Psychologist, musician, and long-time All About Jazz contributor Dr. Judith Schlesinger has finished The Insanity Hoax; Exposing the Myth of the Mad Genius. Based on thirty years of scholarly research as well as creative and therapeutic experience (but a fun read, by all reports), the book is now available at Amazon.
Creative does not equal Crazy
There's a long-running and cherished expectation that the more creative a person is, the more likely s/he is to suffer from a serious psychological problem, like bipolar disorder.
This notion began with a mistranslation of Plato's divine madness" and ultimately led to viewing artistic inspiration as a symptom of psychopathology.
In recent decades, many books and articles have claimed to prove," once and for all, that creativity and madness are automatically linked. In fact, all they prove is how eager people are to believe it, since the research is seriously flawed.
But the negative stereotypes persist.
The Insanity Hoax is the first book to directly challenge the mad genius myth by exposing the pseudoscientific foundation it sits on, as well as the social and psychological reasons for its widespread popularity. The myth is far from being the universal truth" people think it is.
Based on her thirty years of research as well as creative and therapeutic experience, psychologist Judith Schlesinger tracks the stereotype through centuries of changing history and culture, explaining why it remains powerful despite its lack of empirical support. The Insanity Hoax also reveals creatives' own perspectives about how the artistic life can make a person crazy, all by itself.
A scholarly but entertaining read, The Insanity Hoax is a groundbreaking book that should be read by students, teachers, practitioners, admirers and critics of creativity and the arts; mental health professionals; and especially those who believe that exceptional minds should be celebrated, rather than diagnosed.
Praise for The Insanity Hoax; Exposing the Myth of the Mad Genius
Fascinating, insightful, and surprisingly funny." Chris Brubeck, 'fairly sane and highly functional' jazz musician and classical composer.
Do you have to be crazy to be creative? Nowadays, most people seem to think so, but the evidence points in the other direction. How, then, did this mistaken notion worm its way into our collective consciousness, and how much damage has it done to our understanding of art and artists? In The Insanity Hoax, Judith Schlesinger exposes the exaggerations and falsehoods of the ever-seductive myth of the mad geniusand explains why so many people prefer it to the truth. Anyone who believes that madness is the flip side of the coin of creativity needs to read this book." Terry Teachout, author of Pops: A Life of Louis Armstrong, and drama critic of the Wall Street Journal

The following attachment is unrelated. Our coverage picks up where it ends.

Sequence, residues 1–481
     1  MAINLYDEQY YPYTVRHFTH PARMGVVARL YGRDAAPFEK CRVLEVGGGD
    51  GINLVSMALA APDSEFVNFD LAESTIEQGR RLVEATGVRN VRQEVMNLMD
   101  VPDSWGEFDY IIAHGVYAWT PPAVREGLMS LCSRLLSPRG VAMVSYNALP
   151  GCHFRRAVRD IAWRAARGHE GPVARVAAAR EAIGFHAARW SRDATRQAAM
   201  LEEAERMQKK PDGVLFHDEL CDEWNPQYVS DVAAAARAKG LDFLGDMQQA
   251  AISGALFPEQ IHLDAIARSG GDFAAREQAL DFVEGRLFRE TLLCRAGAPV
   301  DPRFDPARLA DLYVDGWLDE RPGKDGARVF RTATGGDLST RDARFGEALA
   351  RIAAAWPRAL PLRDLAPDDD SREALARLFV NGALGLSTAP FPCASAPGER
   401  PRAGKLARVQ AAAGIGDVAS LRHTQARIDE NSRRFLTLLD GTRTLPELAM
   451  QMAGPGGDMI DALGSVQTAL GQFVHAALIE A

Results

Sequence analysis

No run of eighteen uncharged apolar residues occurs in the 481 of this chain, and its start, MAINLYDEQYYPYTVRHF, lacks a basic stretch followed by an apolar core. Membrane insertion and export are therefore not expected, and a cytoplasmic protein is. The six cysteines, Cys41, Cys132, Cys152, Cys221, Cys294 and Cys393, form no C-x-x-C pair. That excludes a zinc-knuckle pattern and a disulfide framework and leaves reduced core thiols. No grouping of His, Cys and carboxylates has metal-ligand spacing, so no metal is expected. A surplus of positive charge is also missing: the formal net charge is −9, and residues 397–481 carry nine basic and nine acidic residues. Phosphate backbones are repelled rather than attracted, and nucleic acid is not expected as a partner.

Judith Schlesinger makes her case with wry wit, wisdom and passion that the symptoms of madness and just plain old creativity have long been joined in an inappropriate dance. There are many jazz musicians referred to in the book that have skirted both of these labels. She provides true insight into their inner creative lives." Fred Hersch, award-winning jazz pianist and composer
Judith Schlesinger's wonderful new book does a superb job of debunking popular myths about 'crazy artists' and redressing the mental health industry's practice of pathologizing creative people. This book should be required reading for creative and performing artists, their teachers, their therapists, and anyone who loves them. Not to be missed!" Eric Maisel, PhD, author of Rethinking Depression and The Van Gogh Blues
Judith Schlesinger has hit the bull's-eye with The Insanity Hoax. She passionately and completely debunks the biased, pervasive notion that artists are 'crazier' than the rest of humankind, showing us in highly engaging prose how they stare human frailties squarely in the face for the benefit of all. Thank you, Judith." Shelton G. Berg, Dean and Patricia L. Frost Professor of Music, Frost School of Music, University of Miami
About the Author
Dr. Judith Schlesinger is a psychologist, author, educator, jazz critic, and musician. Trained in cognitive-behavioral and family therapy, her hats have included college professor and administrator, school psychologist and psychotherapist, book and CD reviewer, award-winning gardener, music producer, and chick singer/leader of the JS Fourtet. She has also been a supermarket cashier, but not recently.
Judith's writing has appeared in both the popular and professional press, but you won't find her on Facebook or Twitter. Her Shrinktunes column, about the intersection of psychology and music, has been published on allaboutjazz.com since 2002.